Methodological and Technological Issues in Technology Transfer

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2. Increase the flow, improve the quality

The challenge of successfully transferring ESTs should be seen in the context of sustainable development. Sustainable development needs not restrict growth but can stimulate the emergence of a vibrant. industrial economy, a process in which technology transfer is likely to play a major role. Sustainable industrialisation is especially a challenge for developing countries, because their low initial level of development provides them with an opportunity to follow a technological trajectory which can be cleaner and more efficient than the path OECD countries have followed.

To enhance the sustainability of the development process, government actions can transform the conditions under which technology transfer takes place. The spread of proven ESTs that would diffuse through commercial transactions may be limited because of the barriers listed above. Governments can play important roles in facilitating the private transfer of ESTs by encouraging private sector trade and investment of environmentally sound technologies. Capacity building programmes and enabling environments that reduce the risks and restrictions associated with the transfer of ESTs will increase the flow of technologies close to the commercial margin. The key issue is thus to make the markets work by " opening the channels". For technologies that will not yet diffuse commercially, it is important to go further than improving market performance by enacting policies that lower costs and stimulate demand in order to realise social and environmental benefits not adequately produced by private conduct. The international community could assist these extra efforts of individual countries by increasing available means for non-market transfers and creating new or improving existing mechanisms for technology transfer.

The Report clearly points out that there is no pre-set answer to enhancing technology transfer. It is important to tailor action to the specific barriers, interests and influences of different stakeholders in order to develop effective policy tools. As has been stated clearly in Agenda 21. policy tools are most effective if they are considered in the context of sustainable development. Agenda 21 provided some of the earliest recommendations for public policies to promote technology transfer for environmental benefits. These recommendations reflect not only the need for hardware, but also for building associated local capacities and for providing market intermediation. Strategies outlined in Agenda 21 include: (a) information networks and clearinghouses that disseminate information and provide advice and training; (b) government policies creating favourable conditions for both public-sector and private-sector transfers; (c) institutional support and training for assessing, developing, and managing new technologies; (d) collaborative networks of technology research and demonstration centres; (e) international programmes for co-operation and assistance in R&D and capacity building; (f) technology-assessment capabilities among international organisations; and (g) long-term collaborative arrangements between private businesses for foreign direct investment and joint ventures.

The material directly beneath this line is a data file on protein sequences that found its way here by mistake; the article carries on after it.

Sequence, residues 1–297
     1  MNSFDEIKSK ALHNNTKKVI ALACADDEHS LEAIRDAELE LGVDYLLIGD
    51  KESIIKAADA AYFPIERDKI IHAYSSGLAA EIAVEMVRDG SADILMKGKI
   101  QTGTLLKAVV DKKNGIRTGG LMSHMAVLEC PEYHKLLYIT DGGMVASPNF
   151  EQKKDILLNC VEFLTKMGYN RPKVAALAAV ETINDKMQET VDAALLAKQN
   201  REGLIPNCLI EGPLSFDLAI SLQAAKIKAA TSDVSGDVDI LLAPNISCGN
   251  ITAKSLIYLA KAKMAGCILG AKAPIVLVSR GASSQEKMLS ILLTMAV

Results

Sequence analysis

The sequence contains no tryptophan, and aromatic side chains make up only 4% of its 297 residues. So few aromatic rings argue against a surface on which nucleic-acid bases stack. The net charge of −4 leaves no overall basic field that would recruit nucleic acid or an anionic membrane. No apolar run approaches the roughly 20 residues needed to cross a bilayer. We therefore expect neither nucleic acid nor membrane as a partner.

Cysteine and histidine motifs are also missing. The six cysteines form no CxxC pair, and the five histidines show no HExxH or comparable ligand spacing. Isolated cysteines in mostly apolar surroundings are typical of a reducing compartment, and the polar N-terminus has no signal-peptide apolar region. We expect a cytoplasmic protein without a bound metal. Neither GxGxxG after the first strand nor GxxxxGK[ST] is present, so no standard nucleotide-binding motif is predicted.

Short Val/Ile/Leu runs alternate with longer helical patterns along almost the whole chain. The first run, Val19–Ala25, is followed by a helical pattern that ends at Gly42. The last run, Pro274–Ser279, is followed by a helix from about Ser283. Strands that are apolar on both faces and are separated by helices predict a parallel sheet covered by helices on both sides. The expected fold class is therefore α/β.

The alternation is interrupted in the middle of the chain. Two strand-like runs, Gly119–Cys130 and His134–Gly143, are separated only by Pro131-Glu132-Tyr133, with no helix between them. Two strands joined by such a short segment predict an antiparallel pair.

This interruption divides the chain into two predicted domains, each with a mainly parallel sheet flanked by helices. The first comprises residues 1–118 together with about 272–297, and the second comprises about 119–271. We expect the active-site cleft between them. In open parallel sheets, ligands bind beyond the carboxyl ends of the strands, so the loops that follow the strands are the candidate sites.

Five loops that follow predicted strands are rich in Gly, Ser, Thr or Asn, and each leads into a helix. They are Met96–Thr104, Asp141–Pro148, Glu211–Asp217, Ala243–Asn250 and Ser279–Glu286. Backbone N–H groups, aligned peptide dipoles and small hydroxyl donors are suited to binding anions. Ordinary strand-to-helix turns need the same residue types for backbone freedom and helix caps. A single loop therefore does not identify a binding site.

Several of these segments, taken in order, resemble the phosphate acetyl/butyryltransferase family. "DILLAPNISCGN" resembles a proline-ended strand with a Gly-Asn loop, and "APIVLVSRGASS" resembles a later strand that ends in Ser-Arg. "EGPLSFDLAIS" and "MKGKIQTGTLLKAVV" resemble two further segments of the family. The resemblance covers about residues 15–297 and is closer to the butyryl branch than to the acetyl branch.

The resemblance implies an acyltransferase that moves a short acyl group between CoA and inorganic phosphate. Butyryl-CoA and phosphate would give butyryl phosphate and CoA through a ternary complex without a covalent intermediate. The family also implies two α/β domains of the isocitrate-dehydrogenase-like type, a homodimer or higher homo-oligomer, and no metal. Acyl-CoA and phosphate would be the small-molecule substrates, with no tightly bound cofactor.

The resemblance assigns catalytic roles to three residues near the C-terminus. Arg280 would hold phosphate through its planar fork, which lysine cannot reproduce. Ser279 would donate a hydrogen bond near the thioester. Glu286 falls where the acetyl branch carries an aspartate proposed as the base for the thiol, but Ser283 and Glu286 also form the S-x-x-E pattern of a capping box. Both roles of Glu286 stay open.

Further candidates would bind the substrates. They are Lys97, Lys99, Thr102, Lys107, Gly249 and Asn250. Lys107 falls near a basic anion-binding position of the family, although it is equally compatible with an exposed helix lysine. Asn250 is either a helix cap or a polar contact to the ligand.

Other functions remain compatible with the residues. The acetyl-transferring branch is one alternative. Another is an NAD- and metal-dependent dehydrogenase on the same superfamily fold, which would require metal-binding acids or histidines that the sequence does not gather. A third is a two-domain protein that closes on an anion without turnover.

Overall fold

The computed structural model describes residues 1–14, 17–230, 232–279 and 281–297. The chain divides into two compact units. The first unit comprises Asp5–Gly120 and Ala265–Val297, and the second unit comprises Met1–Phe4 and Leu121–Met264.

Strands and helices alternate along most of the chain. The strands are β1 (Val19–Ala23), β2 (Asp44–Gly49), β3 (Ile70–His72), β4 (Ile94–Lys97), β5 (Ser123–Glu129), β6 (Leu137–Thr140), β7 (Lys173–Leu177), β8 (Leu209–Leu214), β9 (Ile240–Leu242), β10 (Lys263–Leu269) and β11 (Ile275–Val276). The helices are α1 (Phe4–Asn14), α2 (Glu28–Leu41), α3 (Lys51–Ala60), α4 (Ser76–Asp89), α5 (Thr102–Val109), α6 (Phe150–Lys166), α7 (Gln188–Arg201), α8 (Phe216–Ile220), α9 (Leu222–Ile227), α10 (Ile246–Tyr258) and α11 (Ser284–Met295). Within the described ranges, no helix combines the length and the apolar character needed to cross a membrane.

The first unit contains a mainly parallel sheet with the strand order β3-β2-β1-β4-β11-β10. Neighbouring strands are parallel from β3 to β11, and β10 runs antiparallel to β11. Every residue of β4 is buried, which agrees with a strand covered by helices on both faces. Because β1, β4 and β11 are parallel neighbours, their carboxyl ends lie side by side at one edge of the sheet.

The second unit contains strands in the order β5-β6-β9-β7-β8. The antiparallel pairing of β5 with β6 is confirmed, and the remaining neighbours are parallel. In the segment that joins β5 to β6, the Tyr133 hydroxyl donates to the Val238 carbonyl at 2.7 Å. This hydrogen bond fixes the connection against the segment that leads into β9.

The three major dimensions of making technology transfer more effective are capacity building, an enabling environment and mechanisms for technology transfer, all of which are discussed in more detail in the subsections below.

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